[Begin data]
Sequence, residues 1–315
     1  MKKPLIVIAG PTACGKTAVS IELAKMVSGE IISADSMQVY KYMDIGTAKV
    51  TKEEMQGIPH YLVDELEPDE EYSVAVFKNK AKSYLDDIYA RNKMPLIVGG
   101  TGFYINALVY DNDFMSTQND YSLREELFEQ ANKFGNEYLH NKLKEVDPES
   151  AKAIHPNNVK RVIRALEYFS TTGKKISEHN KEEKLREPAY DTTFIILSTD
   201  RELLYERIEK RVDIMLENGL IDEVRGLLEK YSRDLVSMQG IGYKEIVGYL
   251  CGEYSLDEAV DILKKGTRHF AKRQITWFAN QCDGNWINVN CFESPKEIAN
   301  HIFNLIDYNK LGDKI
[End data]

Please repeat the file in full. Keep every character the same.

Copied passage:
Sequence, residues 1–315
     1  MKKPLIVIAG PTACGKTAVS IELAKMVSGE IISADSMQVY KYMDIGTAKV
    51  TKEEMQGIPH YLVDELEPDE EYSVAVFKNK AKSYLDDIYA RNKMPLIVGG
   101  TGFYINALVY DNDFMSTQND YSLREELFEQ ANKFGNEYLH NKLKEVDPES
   151  AKAIHPNNVK RVIRALEYFS TTGKKISEHN KEEKLREPAY DTTFIILSTD
   201  RELLYERIEK RVDIMLENGL IDEVRGLLEK YSRDLVSMQG IGYKEIVGYL
   251  CGEYSLDEAV DILKKGTRHF AKRQITWFAN QCDGNWINVN CFESPKEIAN
   301  HIFNLIDYNK LGDKI